Cane Hill in 1862 - Canehill, Arkansas
ExploreSouthernHistory.com - Cane Hill, Arkansas in 1862
ExploreSouthernHistory.com - Cane Hill, Arkansas in 1862
The Battle of Cane Hill was an important preliminary action to the Battle of Prairie Grove, Arkansas, and was fought
through a series of three villages that were known collectively as Cane Hill (now Canehill). One of the most important
early settlement areas in Washington County and Northwest Arkansas, Cane Hill was a center for business, agriculture
and education.

As part of his report of December 25, 1862, Confederate General Thomas C. Hindman described the area as it then
appeared:


(The following is excerpted from the
Official Records, Series 1, Volume XXII.)

Excerpt from Report of Maj. Gen. Thomas C. Hindman

Headquarters First Corps, Trans-Mississippi Army
Camp near Fort Smith, Ark.
December 25, 1862

…Cane Hill is a ridge of perhaps 8 miles length and 5 miles width, in the southwest part of Washington County,
Arkansas, just beyond the north base of the Boston Mountains. Three villages are built upon it (Russellville,
Boonsborough, and Newburg), which almost blend with each other, covering a distance, as the road to Fayetteville runs,
of 3 or 5 miles…. The distance from Van Buren to Newburg is 45 miles. The intermediate country is a rugged and sterile
range of mountains. The roads across it are gathered at Van Buren, on the south side, and at Fayetteville, on the
northern. These places are from 50 to 65 miles apart, according to the route traveled. There are four principal roads;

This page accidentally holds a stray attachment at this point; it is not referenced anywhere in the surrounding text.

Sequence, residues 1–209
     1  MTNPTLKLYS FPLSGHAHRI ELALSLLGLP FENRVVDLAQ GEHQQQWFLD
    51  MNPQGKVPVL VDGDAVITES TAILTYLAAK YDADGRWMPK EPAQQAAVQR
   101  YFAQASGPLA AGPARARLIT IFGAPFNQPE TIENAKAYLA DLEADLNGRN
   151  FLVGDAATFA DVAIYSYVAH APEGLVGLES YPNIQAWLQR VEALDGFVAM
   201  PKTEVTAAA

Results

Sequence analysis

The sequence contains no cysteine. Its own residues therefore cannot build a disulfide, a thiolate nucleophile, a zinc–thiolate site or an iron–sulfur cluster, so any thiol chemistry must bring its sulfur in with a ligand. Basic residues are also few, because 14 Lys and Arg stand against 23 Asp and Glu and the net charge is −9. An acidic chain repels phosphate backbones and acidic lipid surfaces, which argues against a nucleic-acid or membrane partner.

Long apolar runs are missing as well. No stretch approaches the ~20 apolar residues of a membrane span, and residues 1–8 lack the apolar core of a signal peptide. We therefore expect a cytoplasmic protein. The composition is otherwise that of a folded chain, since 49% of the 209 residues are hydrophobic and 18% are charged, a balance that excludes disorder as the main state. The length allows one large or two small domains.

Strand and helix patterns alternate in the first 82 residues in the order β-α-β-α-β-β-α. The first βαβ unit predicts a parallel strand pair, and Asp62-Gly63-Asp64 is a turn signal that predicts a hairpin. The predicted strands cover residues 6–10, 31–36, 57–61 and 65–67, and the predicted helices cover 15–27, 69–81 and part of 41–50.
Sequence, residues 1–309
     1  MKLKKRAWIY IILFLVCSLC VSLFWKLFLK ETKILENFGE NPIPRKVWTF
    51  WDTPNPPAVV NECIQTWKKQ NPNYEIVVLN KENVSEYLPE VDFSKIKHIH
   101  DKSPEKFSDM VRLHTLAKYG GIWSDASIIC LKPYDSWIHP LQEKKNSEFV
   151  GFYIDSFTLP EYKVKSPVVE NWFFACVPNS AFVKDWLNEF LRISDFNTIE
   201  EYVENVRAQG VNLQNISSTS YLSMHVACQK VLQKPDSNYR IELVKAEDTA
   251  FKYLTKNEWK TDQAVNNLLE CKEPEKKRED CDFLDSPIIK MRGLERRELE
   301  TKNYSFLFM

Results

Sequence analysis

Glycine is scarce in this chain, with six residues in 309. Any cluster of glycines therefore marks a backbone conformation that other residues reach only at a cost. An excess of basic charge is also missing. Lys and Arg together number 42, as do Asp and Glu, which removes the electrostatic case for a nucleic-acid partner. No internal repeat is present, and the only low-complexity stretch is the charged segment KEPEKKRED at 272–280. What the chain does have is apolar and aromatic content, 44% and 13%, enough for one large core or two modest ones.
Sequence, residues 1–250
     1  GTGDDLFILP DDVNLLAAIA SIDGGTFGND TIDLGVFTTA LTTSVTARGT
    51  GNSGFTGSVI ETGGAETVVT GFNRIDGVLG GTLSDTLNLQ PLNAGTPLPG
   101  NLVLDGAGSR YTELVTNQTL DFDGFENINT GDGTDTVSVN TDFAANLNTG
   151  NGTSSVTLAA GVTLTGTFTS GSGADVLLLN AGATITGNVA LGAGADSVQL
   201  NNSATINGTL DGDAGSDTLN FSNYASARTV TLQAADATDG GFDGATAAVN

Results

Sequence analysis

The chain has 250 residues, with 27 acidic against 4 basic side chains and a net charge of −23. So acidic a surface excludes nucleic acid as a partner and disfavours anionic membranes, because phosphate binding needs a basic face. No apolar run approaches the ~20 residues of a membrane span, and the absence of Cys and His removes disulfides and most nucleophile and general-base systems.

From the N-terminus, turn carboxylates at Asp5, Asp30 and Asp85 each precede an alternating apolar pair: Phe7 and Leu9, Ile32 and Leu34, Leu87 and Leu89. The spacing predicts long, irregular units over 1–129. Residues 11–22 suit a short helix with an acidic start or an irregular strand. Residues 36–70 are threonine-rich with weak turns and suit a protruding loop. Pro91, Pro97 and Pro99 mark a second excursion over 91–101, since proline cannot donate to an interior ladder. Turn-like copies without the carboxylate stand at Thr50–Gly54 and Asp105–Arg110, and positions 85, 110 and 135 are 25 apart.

one bends to the right and east with the valley of Frog Bayou, crosses the mountains, then follows the West Fork of the
White River and strikes Fayetteville from the southeast; another, known as the Telegraph road, proceeds for the most
part upon ridges directly north; the third leaves the Telegraph road 12 miles above Van Buren, runs along the Cherokee
line to Evansville, and there branches through the Cane Hill country to Fayetteville, its main branch going north, by
Cincinnati and Maysville, to Fort Scott; the fourth turns to the left from the Telegraph road at Oliver’s, 19 miles above Van
Buren, follows the valley of Cove Creek to the foot of the mountains, and, after crossing, passes through a succession
of defiles, valleys, and prairies, reaching Fayetteville from a southwesterly direction. At Morrow’s, 15 miles above Oliver’
s, the Cove Creek road sends a branch direct to Newburg, 7 miles distant. Eight miles above Morrow’s it is crossed by a
road leading from Hog-eye, 5 miles east on the Telegraph road, to Newburg. Two miles beyond this it sends a branch
to Rhea’s Mills, to Maysville, which crossed the Cane Hill and Fayetteville road at the distance of 2 miles from the Cove
Creek road. This crossing is 7 ½ miles from Newburg and 12 ½ miles from Fayetteville. Two miles and a half above this
crossing the Cove Creek road and the Cane Hill and Fayetteville unite. There is a road from Newburg, by Rhea’s Mills,
to this junction, the distance by that route being about 2 miles greater….

(From Maj. Gen. Thomas C. Hindman to Lieut. Col. S.S. Anderson, Assistant Adjutant General, Trans-Mississippi
Department).
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